Solve for x.

$\displaystyle x^3+1=2\sqrt[3]{2x-1} $

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- Jun 29th 2012, 09:27 AMthevinhInteresting Equation! Solve for x.
Solve for x.

$\displaystyle x^3+1=2\sqrt[3]{2x-1} $ - Jun 29th 2012, 11:08 AMHallsofIvyRe: Interesting Equation! Solve for x.
One obvious solution is x= 1.

There is one other positive root between 0 and 1 but it is not a rational number. There are either 2 or 4 negative roots, again irrational. There are either 0 or 2 complex conjugate roots.

After that, I don't see anything reasonable. - Jun 29th 2012, 08:41 PMProve ItRe: Interesting Equation! Solve for x.
- Jun 29th 2012, 10:02 PMrichard1234Re: Interesting Equation! Solve for x.
There's not really an easy algebraic solution. If you cube both sides, you get an ugly 9th degree polynomial. Sure, x = 1 is a root, but there are several others.

- Jun 29th 2012, 10:05 PMProve ItRe: Interesting Equation! Solve for x.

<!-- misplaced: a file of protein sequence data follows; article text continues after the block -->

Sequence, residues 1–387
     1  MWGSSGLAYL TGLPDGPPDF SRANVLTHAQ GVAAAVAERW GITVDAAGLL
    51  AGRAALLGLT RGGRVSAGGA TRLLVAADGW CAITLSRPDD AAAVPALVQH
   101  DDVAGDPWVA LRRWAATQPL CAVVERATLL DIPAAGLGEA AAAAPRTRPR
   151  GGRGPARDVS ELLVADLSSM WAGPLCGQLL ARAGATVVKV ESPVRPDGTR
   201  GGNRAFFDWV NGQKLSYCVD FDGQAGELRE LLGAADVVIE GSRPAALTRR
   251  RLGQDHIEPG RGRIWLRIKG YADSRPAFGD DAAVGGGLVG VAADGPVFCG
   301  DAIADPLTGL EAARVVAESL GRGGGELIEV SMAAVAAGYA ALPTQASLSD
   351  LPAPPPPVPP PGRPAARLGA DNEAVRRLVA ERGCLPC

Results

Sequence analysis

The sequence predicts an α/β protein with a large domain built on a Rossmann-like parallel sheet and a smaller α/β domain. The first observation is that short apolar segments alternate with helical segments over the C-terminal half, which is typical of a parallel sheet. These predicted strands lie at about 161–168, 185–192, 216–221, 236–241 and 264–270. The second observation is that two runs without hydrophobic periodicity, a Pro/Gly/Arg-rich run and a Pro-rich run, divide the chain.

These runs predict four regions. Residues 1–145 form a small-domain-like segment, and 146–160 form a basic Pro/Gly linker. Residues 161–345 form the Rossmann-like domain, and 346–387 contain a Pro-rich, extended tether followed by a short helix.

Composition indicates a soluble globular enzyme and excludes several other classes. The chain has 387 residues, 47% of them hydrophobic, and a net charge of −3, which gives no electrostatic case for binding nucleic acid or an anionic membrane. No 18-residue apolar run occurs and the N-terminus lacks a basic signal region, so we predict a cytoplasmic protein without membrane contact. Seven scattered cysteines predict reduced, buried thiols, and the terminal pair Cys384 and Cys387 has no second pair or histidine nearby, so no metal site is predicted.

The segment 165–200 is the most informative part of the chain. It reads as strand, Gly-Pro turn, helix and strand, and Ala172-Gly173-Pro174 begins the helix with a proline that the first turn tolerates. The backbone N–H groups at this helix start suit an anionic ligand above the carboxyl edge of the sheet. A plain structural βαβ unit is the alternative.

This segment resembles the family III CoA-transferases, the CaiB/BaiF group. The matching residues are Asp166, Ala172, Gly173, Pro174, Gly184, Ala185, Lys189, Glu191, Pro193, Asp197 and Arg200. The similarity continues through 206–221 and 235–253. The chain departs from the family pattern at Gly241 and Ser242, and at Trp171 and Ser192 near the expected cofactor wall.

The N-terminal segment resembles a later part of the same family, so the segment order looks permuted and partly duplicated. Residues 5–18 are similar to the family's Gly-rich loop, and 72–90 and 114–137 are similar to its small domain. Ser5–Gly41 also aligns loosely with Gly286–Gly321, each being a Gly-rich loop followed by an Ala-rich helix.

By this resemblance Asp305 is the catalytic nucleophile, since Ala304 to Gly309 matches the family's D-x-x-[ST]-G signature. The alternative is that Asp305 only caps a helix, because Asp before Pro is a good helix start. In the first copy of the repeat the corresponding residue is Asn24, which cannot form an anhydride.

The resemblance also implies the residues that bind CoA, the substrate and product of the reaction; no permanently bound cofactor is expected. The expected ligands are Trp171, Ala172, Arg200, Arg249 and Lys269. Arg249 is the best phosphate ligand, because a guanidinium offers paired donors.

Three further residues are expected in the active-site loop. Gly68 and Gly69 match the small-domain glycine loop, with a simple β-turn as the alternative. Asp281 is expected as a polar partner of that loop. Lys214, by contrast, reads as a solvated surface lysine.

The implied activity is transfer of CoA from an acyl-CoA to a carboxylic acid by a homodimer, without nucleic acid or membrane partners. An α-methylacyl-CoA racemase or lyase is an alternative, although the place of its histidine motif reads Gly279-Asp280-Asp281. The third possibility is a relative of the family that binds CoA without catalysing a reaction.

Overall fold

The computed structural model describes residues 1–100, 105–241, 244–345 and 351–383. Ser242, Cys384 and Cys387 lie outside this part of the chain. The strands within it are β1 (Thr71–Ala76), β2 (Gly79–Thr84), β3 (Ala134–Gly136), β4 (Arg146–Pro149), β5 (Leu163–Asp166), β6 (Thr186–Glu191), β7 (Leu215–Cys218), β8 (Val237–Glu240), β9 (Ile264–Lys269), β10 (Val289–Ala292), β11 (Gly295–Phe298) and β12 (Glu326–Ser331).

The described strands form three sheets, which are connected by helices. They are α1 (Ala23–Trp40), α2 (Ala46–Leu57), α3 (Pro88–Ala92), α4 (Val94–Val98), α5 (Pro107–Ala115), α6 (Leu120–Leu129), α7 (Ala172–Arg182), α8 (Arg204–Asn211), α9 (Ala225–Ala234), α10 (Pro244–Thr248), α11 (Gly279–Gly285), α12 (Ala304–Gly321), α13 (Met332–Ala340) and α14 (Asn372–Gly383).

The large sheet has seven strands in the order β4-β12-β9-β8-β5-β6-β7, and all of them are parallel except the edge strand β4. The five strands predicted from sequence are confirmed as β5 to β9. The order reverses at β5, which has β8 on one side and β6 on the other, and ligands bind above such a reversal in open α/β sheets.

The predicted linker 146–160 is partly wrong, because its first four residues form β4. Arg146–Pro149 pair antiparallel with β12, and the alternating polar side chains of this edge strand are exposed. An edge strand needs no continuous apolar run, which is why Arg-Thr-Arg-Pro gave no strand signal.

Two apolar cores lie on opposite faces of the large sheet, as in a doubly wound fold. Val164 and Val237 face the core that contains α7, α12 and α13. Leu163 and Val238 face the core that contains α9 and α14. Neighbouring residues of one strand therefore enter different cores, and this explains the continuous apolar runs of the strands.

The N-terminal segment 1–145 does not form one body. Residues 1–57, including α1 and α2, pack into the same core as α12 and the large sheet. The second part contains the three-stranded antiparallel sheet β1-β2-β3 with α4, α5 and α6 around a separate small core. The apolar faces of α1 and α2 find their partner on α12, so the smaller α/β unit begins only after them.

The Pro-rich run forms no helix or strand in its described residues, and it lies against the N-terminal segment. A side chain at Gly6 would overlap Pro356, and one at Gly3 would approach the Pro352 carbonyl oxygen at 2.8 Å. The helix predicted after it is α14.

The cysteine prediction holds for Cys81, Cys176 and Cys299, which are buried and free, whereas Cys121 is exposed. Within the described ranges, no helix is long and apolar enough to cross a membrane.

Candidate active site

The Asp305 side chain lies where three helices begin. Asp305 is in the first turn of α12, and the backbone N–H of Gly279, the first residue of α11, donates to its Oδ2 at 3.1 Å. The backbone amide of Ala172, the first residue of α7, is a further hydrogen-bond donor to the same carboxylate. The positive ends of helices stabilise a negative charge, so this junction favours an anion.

- Jul 1st 2012, 10:33 AMthevinhRe: Interesting Equation! Solve for x.
Actually there is an algebraic way to solve this problem without having to cube both sides. See solution posted at http://mathhelpforum.com/new-users/2...roblems-2.html. Squaring or cubing to eliminate radicals often yields higher degree polynomial which is difficult to solve. Substitution will provide a better route.

- Jul 1st 2012, 12:03 PMthevinhRe: Interesting Equation! Solve for x.
Actually there is an algebraic way of solving this problem. The solution is posted at http://mathhelpforum.com/new-users/2...roblems-2.html. Generally, squaring or cubing to eliminate radical is not the a good method to solve equations containing radicals. Substitution will often solve the problem much more faster and easier.